Los Angeles Theater Review: CHESS (East West Players)

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by Jesse David Corti on May 20, 2013

in Theater-Los Angeles


The musical Chess highlights the tongue-twisting, swift, and pithy lyrics by Tim Rice and the soaring, dazzling music by Benny Andersson and Björn Ulvaeus of ABBA fame. In previous Stage and Cinema reviews of productions at MTG and the Met Theatre, its history has been well-documented: The super-partnership of Rice-Andersson-Ulvaeus in 1979; the worldwide success of Chess’ 1984 concept album; its shaky 1986 mounting in London, and a bungled 1989 Broadway production. Since then it has lived in a bubble of enormous potential, but has yet to burst forth Jesse David Corti's Stage and Cinema LA review of East West Players CHESS.as a great musical in spite of numerous tweaks and reworked books (even Tim Rice, who supervised the version at Albert Hall in 2008, saw that it was best done as a concert). The reason why the show is so often produced resides with the score, one of the best ever written for a recording studio.

For the time being, the key to making this work exciting and affecting in a staged performance is to showcase the score and curb the complicating and confusing story elements. East West Players tackles Chess with the still bizarre and befuddling original UK book (with additional material from the Broadway and the Rice concert versions), but this production suffers from much more than an oddly constructed libretto (which, it seems, cannot be avoided). This checkered outing includes the following: Miscast actors who were clearly utilized for purposes of multiculturalism, not because they are right for the roles (one of the reasons for the mediocre performances); director Tim Dang’s atrocious staging; and a band overwhelmed by the complex, shape-shifting music. I can only wonder what sort of involvement and thought process Dang had to take a flawed ruby and deliver rubbish instead of refinement.

Jesse David Corti's Stage and Cinema LA review of East West Players CHESS.The metaphor of chess itself – war, strategy, etc. – is woven through a tale involving politics, romance, and matters of personal honor. The story takes place in the later years of the US / USSR cold war conflict and centers the action on the World Chess Championship showdown between two brilliant players: Freddie, a brash, upstart American who is the current World Champion, and Anatoly, a cool, collected Soviet challenger. Both their fates are transformed not by country or by game, but by Florence, Freddie’s manager, lover, and second. In an attempt to sort out some tempers at a match in Merano, Italy, Florence starts to fall in love with Anatoly. Love triangles and political intrigue emerge and surprising personal truths are revealed as another match is played in Bangkok in the equally clunky second act. However, nothing is clunkier than the manner in which it is presented at the David Henry Hwang Theatre.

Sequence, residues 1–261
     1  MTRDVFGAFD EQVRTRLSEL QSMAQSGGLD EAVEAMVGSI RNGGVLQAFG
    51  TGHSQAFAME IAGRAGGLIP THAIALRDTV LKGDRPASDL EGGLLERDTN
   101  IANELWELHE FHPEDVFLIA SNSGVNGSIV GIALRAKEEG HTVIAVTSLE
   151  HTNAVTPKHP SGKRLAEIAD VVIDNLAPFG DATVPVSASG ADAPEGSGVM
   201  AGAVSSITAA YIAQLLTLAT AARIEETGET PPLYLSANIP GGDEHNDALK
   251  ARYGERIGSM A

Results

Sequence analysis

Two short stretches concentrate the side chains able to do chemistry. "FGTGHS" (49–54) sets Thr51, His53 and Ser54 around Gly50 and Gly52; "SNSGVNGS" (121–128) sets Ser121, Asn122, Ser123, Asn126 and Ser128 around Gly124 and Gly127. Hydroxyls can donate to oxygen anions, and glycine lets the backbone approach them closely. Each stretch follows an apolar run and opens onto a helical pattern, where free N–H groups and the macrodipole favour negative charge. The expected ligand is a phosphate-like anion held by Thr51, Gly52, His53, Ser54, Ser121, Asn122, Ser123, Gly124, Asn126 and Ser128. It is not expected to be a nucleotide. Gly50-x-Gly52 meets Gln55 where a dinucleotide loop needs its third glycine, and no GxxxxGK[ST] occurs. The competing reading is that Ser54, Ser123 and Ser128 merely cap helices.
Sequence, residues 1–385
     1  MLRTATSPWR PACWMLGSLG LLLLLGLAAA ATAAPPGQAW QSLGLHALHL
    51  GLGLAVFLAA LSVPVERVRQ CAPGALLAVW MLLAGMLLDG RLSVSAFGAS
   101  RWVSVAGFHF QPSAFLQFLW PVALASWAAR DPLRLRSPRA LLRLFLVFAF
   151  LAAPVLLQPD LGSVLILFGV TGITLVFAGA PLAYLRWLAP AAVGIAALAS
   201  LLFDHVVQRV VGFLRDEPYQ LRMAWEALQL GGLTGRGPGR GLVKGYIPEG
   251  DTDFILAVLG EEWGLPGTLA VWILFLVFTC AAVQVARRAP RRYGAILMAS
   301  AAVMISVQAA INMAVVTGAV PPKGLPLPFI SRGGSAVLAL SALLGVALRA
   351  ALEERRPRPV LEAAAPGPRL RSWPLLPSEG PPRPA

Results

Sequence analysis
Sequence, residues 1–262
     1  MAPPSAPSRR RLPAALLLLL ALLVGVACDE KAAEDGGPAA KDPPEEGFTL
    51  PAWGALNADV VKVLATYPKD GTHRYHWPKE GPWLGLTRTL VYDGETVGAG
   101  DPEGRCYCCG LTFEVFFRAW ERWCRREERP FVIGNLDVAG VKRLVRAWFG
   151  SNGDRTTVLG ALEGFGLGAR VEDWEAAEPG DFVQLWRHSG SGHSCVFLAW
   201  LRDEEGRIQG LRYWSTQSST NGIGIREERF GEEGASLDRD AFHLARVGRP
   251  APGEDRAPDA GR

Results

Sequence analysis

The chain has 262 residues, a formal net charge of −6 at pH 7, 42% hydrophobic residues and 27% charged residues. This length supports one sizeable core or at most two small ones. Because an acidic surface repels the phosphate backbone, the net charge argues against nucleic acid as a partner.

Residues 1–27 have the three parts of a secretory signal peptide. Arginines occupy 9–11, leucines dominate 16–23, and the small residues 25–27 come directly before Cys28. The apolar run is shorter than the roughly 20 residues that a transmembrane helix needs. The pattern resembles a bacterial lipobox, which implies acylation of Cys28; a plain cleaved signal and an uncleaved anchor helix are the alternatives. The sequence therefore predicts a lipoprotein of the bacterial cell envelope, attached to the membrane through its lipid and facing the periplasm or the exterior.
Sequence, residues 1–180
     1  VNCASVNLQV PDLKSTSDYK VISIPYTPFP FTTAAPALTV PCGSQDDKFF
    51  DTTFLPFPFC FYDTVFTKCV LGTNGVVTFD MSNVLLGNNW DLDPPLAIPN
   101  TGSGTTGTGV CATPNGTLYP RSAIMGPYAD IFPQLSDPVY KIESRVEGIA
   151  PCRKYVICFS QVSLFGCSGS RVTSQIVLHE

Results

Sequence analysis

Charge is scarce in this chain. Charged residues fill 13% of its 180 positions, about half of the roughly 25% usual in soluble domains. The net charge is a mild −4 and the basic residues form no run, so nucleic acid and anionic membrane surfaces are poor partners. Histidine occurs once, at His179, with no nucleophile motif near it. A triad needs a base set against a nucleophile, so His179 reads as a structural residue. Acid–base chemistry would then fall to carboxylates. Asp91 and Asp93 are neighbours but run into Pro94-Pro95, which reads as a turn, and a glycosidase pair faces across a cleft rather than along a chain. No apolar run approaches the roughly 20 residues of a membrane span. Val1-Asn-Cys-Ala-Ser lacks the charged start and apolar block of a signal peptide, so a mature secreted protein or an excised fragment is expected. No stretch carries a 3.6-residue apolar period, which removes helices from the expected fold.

Jesse David Corti's Stage and Cinema LA review of East West Players CHESS.To start, the mismatched performers, who have little to no chemistry. Elijah Rock has the incredible vocal range, control, and power necessary to knock Anatoly’s challenging songs out of the theater. Not so with his range as an actor: He’s supposed to be the romantic hero we’re rooting for, and instead we are subjected to a wooden performance where beautiful ballads and impassioned anthems are reduced to nothing more than mere exercises of vocal prowess. Whereas Rock has the voice coupled with blank interpretation, Victor E. Chan, as Freddie, overcompensates for his rival’s stale nature by over-gesticulating and overwrought vaudevillian emphasizing, and his vocal range, while impressive, is not altogether consistent. Joan Almedilla sings quite well as Florence and does the best she can to make the scenes work with the extreme performances of her co-actors. Carey Rebecca Brown comes as a breath of fresh air in the underwritten role of Anatoly’s wife, Svetlana, and beautifully sings and interprets “Heaven Help My Heart.”

Jesse David Corti's Stage and Cinema LA review of East West Players CHESS.Ray A. Rochelle plays Molokov – Anatoly’s second and KGB agent – like Boris Badenov of Rocky and Bullwinkle fare, which he performs quite well, but it doesn’t translate effectively in this musical – he seems more comical than threatening. His baritone is impressive, and he comes close to stealing the show during “The Soviet Machine,” wherein he unleashes a series of balletic turns in stunning fashion (Rochelle’s thick Russian accent also calls into question why Rock’s Anatoly has none). Ryan Castellino plays the Arbiter – a referee and president of the International Chess Federation – with plenty of proper ham and cheese; while his voice is capable of hitting all the notes, his range is chopped between his chest voice and a distinctly nasal and helium-filled head voice; it is jarring to hear him go in and out in the middle of phrases.

Jesse David Corti's Stage and Cinema LA review of East West Players CHESS.Dang’s vision of Chess introduces a character dubbed “The Spirit of Chess” (Jasmine Ejan) who dances around during the prologue and various chess matches. This creation neither illuminates the story nor makes it more coherent. On top of that, Marc Oka’s choreography lacked the fluidity one would expect from a spirit of any sort.